Alysia had a friendly, enthusiastic personality. Despite what she told me, she didn’t seem at all nervous talking to people. I said the event seemed to have drawn a good turnout of activists.

“Yeah, it’s International Cube Day,” she said. “So there’s over 500 cubes happening all over the world on Nov. 3, today.” She added that it was also the group’s 25th cube event. 

I asked her if she and the other outreach volunteers mainly targeted foreigners.

“It’s about half-half,” she said. “It’s whoever’s here on a particular night. And we have a lot of Korean members as well. It’s pretty cool because it’s like half-half.” 

I explained that my blog still needed a lot of work and I couldn’t promise to get a post out soon. I might have to come back, I said.

“Sure,” Alysia said. “We’re here every two weeks.”

Behind the mask

Before I left, I asked Alysia if she thought she was really getting to people. I wasn’t just a detached observer. The event brought back memories of the 1990s, when I took part in demonstrations against fur, circuses, vivisection, and other speciesist practices in Canada and the United States. In those days, we often got rude responses and jeers from people who didn’t want to listen.

The Seoul chapter of Anonymous for the Voiceless seemed to be experiencing a lot more success.

“It’s hard to talk to people but when you show the videos, everyone reacts,” Alysia said. “I really kind of like wonder — man, do people care about animal issues? Because no one seems to, but then people do care. That’s the thing I learned about doing the cube and being behind the mask is that people react. People are really compassionate, and they do care, just … they just feel like it’s too hard to give up meat. You know what I mean?”

Other people, she said, weren’t ready to listen and would just walk away. 

“Or they just kind of nod and say thank you.” 

A second visit

I went back two weeks later. This time I spoke with one of the organizers, Allécia from South Africa. I asked her how long she’d been involved with the organization and she said since June.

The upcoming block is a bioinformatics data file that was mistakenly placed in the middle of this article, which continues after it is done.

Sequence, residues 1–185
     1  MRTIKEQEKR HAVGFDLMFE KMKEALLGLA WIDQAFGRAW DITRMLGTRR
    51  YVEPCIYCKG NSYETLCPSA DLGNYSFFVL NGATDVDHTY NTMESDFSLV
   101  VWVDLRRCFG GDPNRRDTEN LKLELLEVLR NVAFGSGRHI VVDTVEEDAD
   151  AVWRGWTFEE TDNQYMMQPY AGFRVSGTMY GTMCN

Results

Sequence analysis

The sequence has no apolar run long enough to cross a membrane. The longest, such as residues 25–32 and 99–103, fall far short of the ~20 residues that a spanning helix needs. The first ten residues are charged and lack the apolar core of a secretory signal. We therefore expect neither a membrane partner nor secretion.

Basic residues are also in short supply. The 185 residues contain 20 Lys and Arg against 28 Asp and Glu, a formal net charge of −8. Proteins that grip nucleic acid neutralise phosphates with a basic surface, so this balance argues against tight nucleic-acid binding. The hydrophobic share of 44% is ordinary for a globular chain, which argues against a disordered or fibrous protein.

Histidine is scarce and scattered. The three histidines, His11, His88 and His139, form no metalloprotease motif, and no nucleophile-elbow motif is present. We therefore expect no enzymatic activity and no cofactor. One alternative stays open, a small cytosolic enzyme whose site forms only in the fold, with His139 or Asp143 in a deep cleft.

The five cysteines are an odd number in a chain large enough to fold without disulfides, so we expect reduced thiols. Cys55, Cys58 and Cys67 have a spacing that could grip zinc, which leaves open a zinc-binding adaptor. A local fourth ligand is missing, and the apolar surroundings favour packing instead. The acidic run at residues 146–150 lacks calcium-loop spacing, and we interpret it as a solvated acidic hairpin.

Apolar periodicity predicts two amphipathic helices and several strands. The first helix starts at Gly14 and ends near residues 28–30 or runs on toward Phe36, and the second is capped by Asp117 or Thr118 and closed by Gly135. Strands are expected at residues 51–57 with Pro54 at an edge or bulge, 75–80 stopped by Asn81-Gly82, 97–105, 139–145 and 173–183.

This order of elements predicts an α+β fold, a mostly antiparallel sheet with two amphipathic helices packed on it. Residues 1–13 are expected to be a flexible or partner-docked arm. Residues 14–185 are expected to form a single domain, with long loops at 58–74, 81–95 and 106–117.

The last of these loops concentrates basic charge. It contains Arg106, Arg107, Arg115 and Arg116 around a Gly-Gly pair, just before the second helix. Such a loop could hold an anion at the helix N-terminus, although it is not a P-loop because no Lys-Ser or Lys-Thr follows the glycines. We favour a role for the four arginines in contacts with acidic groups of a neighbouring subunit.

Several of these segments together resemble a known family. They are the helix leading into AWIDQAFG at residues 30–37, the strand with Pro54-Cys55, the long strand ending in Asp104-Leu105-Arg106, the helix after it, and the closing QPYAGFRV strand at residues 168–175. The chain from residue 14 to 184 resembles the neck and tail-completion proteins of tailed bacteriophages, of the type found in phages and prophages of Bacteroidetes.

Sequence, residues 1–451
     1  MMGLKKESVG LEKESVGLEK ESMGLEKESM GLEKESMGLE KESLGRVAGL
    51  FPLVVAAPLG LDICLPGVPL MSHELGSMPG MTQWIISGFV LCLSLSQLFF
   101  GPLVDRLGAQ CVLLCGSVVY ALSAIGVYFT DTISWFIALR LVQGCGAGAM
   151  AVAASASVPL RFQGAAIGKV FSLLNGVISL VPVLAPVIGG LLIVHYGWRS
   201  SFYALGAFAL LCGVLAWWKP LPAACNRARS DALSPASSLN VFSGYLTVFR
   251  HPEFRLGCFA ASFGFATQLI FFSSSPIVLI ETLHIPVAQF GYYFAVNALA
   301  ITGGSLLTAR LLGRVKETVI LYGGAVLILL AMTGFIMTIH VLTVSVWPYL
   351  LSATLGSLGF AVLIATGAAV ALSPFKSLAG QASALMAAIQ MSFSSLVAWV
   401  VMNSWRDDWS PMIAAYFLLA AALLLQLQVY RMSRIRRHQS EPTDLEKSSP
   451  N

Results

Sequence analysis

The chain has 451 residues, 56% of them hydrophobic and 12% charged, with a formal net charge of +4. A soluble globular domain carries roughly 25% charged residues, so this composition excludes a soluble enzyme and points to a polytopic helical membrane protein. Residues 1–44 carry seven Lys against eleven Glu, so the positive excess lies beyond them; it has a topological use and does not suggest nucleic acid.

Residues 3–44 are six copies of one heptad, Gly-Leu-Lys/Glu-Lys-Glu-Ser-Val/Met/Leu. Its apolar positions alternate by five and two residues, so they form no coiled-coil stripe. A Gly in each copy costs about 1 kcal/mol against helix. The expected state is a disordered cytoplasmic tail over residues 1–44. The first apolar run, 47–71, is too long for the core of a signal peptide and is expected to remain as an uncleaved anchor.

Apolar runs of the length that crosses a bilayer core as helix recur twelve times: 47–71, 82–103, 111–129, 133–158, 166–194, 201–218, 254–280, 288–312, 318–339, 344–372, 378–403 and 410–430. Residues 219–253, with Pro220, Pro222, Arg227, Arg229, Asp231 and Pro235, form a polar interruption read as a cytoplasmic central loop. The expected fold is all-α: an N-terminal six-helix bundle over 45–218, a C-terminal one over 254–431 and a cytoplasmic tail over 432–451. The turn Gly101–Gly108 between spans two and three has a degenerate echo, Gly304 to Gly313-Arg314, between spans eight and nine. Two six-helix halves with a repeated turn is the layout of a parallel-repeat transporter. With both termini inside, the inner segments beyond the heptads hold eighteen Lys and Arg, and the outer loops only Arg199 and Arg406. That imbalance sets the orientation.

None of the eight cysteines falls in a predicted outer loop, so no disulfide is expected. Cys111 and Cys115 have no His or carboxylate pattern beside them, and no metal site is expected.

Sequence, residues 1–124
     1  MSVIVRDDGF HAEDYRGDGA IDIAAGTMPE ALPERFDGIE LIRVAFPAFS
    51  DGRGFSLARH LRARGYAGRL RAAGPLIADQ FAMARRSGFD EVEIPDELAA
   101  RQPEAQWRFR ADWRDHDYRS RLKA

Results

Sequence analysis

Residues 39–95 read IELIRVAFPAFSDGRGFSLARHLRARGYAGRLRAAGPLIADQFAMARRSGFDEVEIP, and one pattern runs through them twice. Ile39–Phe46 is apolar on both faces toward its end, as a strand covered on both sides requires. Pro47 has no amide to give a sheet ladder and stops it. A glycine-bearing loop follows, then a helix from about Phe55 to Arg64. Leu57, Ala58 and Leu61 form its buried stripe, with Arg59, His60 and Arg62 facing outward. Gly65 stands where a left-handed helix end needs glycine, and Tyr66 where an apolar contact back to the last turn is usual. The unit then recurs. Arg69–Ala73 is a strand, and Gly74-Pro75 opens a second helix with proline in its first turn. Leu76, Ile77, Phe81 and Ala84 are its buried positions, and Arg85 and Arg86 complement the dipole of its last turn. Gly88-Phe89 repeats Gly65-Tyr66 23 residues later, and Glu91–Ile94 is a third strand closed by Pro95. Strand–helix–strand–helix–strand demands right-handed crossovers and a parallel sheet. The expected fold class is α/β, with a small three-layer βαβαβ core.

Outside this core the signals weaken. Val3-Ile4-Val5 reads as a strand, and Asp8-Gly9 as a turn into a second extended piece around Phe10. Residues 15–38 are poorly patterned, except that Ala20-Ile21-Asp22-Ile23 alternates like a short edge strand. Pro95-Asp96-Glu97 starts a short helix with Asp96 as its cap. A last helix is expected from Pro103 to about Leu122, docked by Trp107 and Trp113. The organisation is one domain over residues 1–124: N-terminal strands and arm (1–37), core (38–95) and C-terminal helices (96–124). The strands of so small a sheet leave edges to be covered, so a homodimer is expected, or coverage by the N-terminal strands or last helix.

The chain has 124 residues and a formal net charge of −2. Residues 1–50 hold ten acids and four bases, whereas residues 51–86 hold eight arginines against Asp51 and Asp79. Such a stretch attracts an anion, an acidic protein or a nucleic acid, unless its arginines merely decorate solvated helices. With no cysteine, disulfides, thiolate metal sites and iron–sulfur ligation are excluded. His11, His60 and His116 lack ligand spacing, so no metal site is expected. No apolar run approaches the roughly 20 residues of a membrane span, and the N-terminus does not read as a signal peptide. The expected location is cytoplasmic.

I asked her why she’d chosen this form of activism instead of just casually talking to people about veganism in everyday life. Why was it important to her to reach out to people in such an active way?

In her experience, she said, people didn’t understand the reality of how animals ended up on their plates. But when they saw the footage, they made the connection.

“They see the footage,” she said. “They see what’s going on. They see the truth and where their food comes from.”

Then the outreach volunteers would tell them about veganism, ask if they’d heard of it and find out what was holding them back.

“We try to … ask questions, instead of like just fact-bombarding them,” she said. “So that they can sort of go to the realization themselves and make the connection and make the compassionate choice.”

Like Alysia, Allécia reported positive interactions on the whole.

“We do get quite a lot of people watching,” she said. “Some, like Koreans, are a bit more shy and don’t always want to talk but if they do talk they usually — the thing I hear, actually, most, is just ‘thank you.’ They just say, ‘Thank you. I didn’t know.’ So I think it really is effective in reaching people.”

I asked her how she’d answer critics who might say, “It’s not your country. You don’t have the right to protest in someone else’s country.” 

“Thankfully, I’ve never heard that before,” she said with a laugh. I mentioned an internet discussion years earlier where people had left comments to that effect.

“Well, if someone said that to me, it’s, firstly, we’re not protesting,” Allécia said. “We’re just, like, simply showing the truth. And we’re not protesting what’s happening in Korea. We’re showing people the truth of what’s happening in the world, not only Korea. This is not, like, only about animals in Korea. This is about animals all over the world. This is applicable worldwide, not only Korea.”

Dinner with the activists